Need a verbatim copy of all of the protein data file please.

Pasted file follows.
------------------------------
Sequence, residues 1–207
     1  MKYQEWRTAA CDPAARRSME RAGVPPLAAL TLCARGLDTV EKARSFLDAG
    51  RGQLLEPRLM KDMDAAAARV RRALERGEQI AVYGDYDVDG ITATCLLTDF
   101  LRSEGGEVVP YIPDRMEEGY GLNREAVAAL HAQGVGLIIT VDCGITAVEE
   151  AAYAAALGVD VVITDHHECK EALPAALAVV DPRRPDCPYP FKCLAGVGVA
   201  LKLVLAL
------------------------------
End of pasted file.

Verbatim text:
Sequence, residues 1–207
     1  MKYQEWRTAA CDPAARRSME RAGVPPLAAL TLCARGLDTV EKARSFLDAG
    51  RGQLLEPRLM KDMDAAAARV RRALERGEQI AVYGDYDVDG ITATCLLTDF
   101  LRSEGGEVVP YIPDRMEEGY GLNREAVAAL HAQGVGLIIT VDCGITAVEE
   151  AAYAAALGVD VVITDHHECK EALPAALAVV DPRRPDCPYP FKCLAGVGVA
   201  LKLVLAL